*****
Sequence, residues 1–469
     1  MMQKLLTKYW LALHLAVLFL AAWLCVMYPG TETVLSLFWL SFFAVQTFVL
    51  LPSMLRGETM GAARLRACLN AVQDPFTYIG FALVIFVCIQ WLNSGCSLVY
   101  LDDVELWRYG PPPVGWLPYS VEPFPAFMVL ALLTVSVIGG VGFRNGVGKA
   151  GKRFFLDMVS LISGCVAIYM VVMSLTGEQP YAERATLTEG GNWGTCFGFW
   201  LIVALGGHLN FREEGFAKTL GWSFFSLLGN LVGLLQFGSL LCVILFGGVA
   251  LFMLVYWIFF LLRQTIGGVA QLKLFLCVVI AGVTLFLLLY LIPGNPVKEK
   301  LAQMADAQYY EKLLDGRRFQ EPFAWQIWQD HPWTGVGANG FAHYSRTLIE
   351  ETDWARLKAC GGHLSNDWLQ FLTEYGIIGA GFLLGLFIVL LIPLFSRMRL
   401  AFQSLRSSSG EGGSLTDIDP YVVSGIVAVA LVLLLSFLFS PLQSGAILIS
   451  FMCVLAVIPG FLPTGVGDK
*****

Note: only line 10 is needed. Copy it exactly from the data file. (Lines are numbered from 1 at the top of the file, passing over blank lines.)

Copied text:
   401  AFQSLRSSSG EGGSLTDIDP YVVSGIVAVA LVLLLSFLFS PLQSGAILIS